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Bassam Smadi

Portrait of Bassam Smadi

Thank you. To President Benson, the Board of Regents, faculty and staff who through their efforts and teachings guided us to be here today, thank you. With further consideration to our friends and family who stood by us on this long journey through past, present and future, please join me in giving them all a round of applause.

Growing up, my dad told me that the sky’s the limit. This was extremely empowering to a young boy. But when I got to UTD, I found out I still wasn’t thinking big enough! It was here that I learned I had to reach for something higher. It was a big change. UTD was a new place to call home, a new place to explore opportunities and a new place to ignite our dreams. This home was temporary and especially ever-changing, but we did everything to make it ours. We conquered our biggest fears and fought our hardest battles.

That is why we are here today, the Class of 2019, getting ready to start our new journey and discover our purpose in this boundless world. It is time to launch and aim for the stars; we have been prepared for this journey, and now it is our time to shine.

This year marks UTD’s 50th anniversary. It is crazy to imagine that this University started with one building and three brilliant minds. UT Dallas is vastly different from its inception, and within the next 50 years we may not even recognize this institution.

“After today, we all will go our separate ways. Some will go on to professional school, others will go straight into the workforce. No matter where this path takes you, remember to stay true to yourself and the roots that got you there.”

Just like our school, we will continue to change and become a better version of ourselves. We will continue to achieve our dreams and leave our impact on this world. If you ever find yourself lost, look back on this point and realize you have achieved so much. Remember what you have done to reach this point, and how you will continue to fight this battle and grow with each step taken.

After today, we all will go our separate ways. Some will go on to professional school, others will go straight into the workforce. No matter where this path takes you, remember to stay true to yourself and the roots that got you there.

My journey has just begun, and I will continue to follow my dreams of becoming an astronaut physician. This may seem like a long shot, but UT Dallas has taught me to never give up on my dreams. In addition, I would like to give a shoutout to my mom and dad. My mom, who holds a PhD in biomedical engineering, always asks me, “Are you a doctor yet?” Well, Mom, I’m on it! My dad, who holds an MBA and a bachelor’s in electrical engineering, taught me to never settle for less. They are the reason why I stand before you today. So, thank you both for always supporting me with unconditional love. I love you both so much.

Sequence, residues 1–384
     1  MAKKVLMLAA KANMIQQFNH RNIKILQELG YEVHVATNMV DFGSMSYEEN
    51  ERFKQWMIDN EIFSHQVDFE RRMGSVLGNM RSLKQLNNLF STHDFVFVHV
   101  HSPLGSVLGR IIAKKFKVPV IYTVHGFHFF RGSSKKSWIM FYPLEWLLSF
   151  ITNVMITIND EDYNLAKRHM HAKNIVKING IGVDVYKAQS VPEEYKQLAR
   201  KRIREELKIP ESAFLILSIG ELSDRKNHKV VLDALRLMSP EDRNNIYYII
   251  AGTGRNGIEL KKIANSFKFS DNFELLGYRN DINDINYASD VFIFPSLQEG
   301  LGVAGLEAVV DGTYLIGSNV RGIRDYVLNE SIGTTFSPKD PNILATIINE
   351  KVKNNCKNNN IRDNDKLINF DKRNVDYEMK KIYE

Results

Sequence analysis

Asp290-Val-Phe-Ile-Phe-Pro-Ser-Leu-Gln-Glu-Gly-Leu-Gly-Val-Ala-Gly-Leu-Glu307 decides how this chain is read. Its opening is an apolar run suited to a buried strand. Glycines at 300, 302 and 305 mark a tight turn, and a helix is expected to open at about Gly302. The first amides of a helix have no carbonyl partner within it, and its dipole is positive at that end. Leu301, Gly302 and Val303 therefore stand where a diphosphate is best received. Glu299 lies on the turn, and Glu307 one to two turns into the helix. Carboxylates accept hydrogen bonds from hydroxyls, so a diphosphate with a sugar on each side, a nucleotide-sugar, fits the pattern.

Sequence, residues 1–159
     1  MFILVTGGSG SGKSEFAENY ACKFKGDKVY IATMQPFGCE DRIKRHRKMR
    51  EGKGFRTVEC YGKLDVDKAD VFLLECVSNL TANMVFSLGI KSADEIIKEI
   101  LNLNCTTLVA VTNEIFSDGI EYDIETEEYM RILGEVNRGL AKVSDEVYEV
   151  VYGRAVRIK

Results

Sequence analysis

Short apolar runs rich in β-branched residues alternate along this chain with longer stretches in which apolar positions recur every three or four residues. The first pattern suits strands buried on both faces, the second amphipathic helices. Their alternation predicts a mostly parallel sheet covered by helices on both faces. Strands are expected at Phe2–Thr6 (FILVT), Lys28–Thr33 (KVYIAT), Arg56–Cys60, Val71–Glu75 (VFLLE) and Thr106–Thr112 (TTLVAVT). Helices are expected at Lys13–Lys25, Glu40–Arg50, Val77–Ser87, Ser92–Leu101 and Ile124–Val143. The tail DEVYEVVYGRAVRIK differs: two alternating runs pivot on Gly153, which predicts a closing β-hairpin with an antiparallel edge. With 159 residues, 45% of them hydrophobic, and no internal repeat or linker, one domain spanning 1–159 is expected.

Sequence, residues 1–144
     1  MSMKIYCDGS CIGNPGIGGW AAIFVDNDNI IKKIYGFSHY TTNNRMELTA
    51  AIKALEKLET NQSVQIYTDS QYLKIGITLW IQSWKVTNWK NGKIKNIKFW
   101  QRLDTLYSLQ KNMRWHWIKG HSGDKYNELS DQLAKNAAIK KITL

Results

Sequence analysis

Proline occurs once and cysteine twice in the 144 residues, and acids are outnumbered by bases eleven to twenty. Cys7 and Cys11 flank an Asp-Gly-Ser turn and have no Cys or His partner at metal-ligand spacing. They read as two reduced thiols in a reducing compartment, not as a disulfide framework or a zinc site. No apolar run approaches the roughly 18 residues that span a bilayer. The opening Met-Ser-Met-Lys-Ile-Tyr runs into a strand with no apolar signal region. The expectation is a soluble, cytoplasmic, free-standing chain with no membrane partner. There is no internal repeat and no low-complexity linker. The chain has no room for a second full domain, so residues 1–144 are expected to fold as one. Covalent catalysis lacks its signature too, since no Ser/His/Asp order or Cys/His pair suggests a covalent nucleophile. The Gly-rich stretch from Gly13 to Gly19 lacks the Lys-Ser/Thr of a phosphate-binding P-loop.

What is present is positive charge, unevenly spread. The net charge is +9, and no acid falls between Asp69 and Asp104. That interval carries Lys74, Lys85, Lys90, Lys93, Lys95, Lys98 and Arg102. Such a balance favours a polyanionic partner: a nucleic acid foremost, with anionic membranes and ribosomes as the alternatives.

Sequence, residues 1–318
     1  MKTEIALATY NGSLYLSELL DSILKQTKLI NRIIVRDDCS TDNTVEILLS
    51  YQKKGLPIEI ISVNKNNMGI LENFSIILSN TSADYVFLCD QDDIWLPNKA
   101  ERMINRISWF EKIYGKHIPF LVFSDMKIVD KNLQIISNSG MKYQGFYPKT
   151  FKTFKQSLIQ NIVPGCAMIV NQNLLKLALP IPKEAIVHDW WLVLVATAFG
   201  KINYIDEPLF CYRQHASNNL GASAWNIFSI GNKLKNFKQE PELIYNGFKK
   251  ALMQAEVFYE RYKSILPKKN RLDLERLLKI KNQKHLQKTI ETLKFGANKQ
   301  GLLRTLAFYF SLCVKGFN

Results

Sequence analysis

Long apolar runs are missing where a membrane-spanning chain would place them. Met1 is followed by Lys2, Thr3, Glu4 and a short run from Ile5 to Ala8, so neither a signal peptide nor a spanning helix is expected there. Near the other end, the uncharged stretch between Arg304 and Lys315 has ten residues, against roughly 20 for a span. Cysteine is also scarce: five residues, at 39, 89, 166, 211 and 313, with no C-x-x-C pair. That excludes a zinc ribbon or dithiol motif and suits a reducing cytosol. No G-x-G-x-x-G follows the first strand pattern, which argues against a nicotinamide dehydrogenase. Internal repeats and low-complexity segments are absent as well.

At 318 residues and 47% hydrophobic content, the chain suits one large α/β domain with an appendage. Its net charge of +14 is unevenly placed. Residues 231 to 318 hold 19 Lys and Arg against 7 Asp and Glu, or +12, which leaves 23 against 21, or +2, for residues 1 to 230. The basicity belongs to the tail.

As part of UTD’s new brand campaign, we’ve adopted a new tagline: “At the speed of bright.” Now, even as an engineer, I still have no idea what that means, but it must be pretty fast. However, there is a reason why they use the word bright. Bright accurately describes the student body at UT Dallas, especially the faces I see today.

Being proud is an understatement: To see this space filled with so many brilliant minds, ready to take flight, gives us hope. We are the future of this world, and as engineers, it is up to us to help shape society and create a world that we hope to leave for our children.

I urge my peers to rethink how we define success. I believe that success should not be what we can take from life, but rather what we can give back. The world is notorious for being a brutal place. However, we, as Comets, can initiate change and be one small step that leads to a leap in mankind.

Education is like the flight preparations for a launch. We have been prepared to launch, and we continue to grow through the diverse education that UT Dallas has provided us with. We must now use our knowledge to ascend into space and capture each memory along the way.

Stay ambitious. Stay persistent. And lastly, stay a Comet.

Flight systems check. Comets, you are cleared for takeoff.

Bassam M. Smadi, a graduate of John H. Guyer High School in Denton, Texas, is graduating summa cum laude with a degree in biomedical engineering. His campus involvement includes Doctors Without Borders, Biomedical Engineering Society, Engineering World Health, American Institute of Aeronautics and Astronautics, and vice president of the Biomedical Engineering Honor Society. He has been on the Dean’s List several times and is a member of the Tau Beta Pi honor society. He was a member of the UT Dallas gymnastics team and worked as an undergraduate researcher in Dr. Stuart Cogan’s research group, where he earned research awards and attended two conferences. As a UTDesign engineer, he and his team designed and fabricated a new ventilation mask that resulted in a patent. After graduation, he plans to pursue his medical degree and a master’s in aerospace engineering.